Close

Travand Early History


Expand

Travand Early History



This web page shows only a small excerpt of our Travand research. Another 371 words (26 lines of text) covering the years 1250, 1330, 1379, 1703, 1483, 1539, 1529, 1625, 1613, 1643, 1640, 1640, 1643, 1666, 1666, 1670 and 1672 are included under the topic Early Travand History in all our PDF Extended History products and printed products wherever possible.

Close

Travand Early Notables (pre 1700)


Expand

Travand Early Notables (pre 1700)



Notable amongst the family at this time was John Trevanion ( c. 1483-1539), of Dartmouth, Devon, an English politician, Member of the Parliament for Dartmouth in 1529; Charles Trevanion, an English politician, Member of Parliament for Cornwall in 1625; and his son, John Trevanion (1613-1643), an English politician, Member of Parliament...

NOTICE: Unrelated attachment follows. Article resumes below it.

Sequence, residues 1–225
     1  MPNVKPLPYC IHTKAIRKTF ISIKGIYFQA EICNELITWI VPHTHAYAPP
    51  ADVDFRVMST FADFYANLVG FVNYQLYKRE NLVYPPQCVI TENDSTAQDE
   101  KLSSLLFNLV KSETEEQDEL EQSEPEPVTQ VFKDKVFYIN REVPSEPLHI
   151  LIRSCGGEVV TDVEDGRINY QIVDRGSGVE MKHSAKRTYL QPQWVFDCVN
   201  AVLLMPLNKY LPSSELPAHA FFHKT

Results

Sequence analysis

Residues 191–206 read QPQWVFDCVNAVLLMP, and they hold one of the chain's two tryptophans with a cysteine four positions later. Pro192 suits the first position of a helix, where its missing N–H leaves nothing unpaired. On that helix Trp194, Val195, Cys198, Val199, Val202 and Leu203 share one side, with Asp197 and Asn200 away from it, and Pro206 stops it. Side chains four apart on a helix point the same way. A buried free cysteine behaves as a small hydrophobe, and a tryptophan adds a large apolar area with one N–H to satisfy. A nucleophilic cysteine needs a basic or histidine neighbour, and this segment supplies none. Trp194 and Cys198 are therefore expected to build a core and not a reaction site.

Another 49 words (4 lines of text) are included under the topic Early Travand Notables in all our PDF Extended History products and printed products wherever possible.

Close

The Great Migration


Expand

The Great Migration



Amongst the settlers in North America with this distinguished name Travand were Thomas Trevannion settled in Virginia in 1645.

Close

Travand Family Crest Products


Expand

Travand Family Crest Products




Close

See Also


Expand

See Also




Close

Citations


Expand

Citations



    Other References

    1. Hanks, Patricia and Flavia Hodges. A Dictionary of Surnames. Oxford: Oxford University Press, 1988. Print. (ISBN 0-19-211592-8).
    2. Bullock, L.G. Historical Map of England and Wales. Edinburgh: Bartholomew and Son, 1971. Print.
    3. Samuelsen, W. David. New York City Passenger List Manifests Index 1820 - 1824. North Salt Lake, Utah: Accelerated Indexing Systems International, 1986. Print.
    4. Humble, Richard. The Fall of Saxon England. New York: Barnes and Noble, 1975. Print. (ISBN 0-88029-987-8).
    5. Chadwick, Nora Kershaw and J.X.W.P Corcoran. The Celts. London: Penguin, 1790. Print. (ISBN 0140212116).